Only last year, he said in an interview with the Patient Safety Network that he believes “organizations that are not good at assuring the everyday safety of their workforce are probably no better than average at all the other things they do.”

Even if you don’t choose to publicize your DART numbers, explaining and sharing them with senior leaders lets the safety team detail how the organization compares to competitors across the industry.

Wagner argues it’s worth the effort: “A CEO who properly connects this foundational, compassionate concern to financial imperatives, disconsonant as it may feel, will not only make more money, but better integrate safety into the strategy of the company, protecting lives in the process.”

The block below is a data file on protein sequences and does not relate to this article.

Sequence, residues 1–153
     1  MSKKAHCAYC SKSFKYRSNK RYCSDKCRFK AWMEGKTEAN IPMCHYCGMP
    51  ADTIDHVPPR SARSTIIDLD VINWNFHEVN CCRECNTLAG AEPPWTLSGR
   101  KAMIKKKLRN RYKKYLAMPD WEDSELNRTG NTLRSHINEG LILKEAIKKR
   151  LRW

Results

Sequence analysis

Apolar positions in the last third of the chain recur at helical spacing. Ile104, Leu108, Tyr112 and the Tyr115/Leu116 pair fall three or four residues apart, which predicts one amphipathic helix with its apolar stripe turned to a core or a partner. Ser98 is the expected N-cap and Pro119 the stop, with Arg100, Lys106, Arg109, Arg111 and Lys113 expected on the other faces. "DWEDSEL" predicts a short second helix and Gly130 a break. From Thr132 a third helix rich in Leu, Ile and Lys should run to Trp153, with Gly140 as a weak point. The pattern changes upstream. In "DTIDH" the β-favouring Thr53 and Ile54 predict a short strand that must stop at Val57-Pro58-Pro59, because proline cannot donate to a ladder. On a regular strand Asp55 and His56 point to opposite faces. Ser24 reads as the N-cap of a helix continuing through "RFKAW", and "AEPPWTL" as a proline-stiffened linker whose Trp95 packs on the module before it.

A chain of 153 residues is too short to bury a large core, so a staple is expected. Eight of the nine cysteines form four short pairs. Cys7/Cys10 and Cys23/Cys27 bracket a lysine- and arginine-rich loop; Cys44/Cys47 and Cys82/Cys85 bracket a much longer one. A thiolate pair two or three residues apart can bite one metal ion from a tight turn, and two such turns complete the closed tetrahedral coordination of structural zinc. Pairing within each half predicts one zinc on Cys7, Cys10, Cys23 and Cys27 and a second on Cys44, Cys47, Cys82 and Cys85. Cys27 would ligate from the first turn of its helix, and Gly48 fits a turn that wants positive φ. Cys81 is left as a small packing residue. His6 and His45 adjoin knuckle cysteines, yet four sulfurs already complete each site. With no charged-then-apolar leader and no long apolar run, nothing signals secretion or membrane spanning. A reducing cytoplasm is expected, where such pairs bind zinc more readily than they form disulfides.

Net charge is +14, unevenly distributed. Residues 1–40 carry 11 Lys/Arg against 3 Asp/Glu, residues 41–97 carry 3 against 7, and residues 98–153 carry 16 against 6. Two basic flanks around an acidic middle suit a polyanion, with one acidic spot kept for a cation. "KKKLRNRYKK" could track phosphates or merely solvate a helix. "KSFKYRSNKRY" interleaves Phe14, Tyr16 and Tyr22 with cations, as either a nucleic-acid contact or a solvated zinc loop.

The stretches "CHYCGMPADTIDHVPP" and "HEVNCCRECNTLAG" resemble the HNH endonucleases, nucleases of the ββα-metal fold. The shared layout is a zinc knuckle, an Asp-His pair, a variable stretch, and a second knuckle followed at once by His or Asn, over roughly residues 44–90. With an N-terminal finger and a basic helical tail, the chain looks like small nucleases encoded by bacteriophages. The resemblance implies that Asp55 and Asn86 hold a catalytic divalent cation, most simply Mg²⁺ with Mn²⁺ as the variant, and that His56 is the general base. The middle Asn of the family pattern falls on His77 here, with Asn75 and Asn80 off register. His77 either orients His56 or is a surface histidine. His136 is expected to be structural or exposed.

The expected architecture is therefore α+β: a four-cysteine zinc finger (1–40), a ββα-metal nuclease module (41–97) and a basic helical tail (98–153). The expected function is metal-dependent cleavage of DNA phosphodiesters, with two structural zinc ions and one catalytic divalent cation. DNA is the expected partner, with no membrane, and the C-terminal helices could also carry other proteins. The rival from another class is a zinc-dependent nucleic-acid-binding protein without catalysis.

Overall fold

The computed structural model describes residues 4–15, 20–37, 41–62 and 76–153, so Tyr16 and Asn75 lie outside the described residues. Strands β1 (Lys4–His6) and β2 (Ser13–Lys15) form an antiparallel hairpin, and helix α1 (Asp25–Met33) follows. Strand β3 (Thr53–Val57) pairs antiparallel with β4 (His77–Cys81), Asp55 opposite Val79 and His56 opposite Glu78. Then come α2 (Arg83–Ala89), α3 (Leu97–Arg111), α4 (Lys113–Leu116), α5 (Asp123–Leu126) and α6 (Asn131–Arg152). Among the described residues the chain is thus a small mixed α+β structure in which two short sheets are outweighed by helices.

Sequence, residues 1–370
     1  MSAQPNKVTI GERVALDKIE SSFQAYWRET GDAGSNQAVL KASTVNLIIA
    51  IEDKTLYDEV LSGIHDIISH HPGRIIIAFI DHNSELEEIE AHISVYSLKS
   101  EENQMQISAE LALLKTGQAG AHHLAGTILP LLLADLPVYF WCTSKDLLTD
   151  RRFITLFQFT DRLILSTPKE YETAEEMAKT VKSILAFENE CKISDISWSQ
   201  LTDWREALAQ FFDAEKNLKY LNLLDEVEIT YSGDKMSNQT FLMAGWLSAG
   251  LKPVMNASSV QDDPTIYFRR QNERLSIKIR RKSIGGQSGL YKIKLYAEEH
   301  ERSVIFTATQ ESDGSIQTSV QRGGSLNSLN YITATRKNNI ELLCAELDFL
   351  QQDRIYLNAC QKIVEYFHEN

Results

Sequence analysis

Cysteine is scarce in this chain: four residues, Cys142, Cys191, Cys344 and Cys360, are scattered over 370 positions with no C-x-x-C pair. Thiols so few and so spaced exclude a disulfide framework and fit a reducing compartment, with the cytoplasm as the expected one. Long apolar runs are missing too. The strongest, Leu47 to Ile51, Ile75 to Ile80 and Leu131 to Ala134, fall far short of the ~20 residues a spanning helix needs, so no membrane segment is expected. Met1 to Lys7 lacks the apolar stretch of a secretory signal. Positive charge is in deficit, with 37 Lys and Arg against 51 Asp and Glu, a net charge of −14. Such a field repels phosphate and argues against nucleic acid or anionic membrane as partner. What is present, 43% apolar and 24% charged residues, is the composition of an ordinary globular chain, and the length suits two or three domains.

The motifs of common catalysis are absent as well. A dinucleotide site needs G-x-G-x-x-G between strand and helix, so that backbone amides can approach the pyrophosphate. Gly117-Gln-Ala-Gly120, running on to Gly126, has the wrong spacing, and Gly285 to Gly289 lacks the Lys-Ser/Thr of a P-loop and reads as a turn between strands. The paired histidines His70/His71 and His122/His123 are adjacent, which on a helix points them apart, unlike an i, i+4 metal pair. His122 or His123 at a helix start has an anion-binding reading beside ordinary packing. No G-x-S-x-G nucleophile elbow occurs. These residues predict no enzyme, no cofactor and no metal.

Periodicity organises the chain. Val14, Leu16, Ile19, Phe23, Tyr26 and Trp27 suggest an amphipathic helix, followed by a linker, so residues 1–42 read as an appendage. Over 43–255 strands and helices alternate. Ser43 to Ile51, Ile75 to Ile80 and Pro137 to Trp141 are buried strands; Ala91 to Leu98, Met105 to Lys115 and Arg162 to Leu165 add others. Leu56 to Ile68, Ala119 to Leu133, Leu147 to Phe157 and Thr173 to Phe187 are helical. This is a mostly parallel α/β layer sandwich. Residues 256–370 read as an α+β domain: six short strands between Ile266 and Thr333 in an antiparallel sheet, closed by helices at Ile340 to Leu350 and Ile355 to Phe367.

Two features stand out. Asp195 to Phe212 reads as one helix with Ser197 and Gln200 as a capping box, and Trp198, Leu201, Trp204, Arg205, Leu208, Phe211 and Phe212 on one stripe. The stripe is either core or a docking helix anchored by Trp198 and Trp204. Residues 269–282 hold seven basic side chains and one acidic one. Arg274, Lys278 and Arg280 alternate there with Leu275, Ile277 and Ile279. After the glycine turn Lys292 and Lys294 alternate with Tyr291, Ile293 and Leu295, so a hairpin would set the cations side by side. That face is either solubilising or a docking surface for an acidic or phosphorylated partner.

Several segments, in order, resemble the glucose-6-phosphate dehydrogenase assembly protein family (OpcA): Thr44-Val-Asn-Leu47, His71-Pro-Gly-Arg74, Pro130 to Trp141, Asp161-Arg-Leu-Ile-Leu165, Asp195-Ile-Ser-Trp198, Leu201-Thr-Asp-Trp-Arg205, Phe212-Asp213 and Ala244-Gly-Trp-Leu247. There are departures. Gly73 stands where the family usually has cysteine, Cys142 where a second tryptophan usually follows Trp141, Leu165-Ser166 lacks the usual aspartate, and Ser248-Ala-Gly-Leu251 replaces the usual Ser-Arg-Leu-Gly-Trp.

Profits Follow When Safety Is a Priority

Ultimately, a deep safety culture breeds other benefits within a business that help improve it financially, agrees George Washington University professor and former OSHA Administrator David Michaels in the Harvard Business Review.  

“Companies can be successful and safe at the same time,” he concludes. “The reality is that virtually all workplace injuries are preventable, and safety management and operational excellence are intimately linked.

Do you see a culture of safety having a positive impact on your business? Share your story.

Talk to Us!

Leave a reply

Your email address will not be published. Required fields are marked *


Signing into Better MRO is easy. Use your username / password, or register to create an account. We’ll bring you back here as soon as you’re done.

Redirecting you in 5 seconds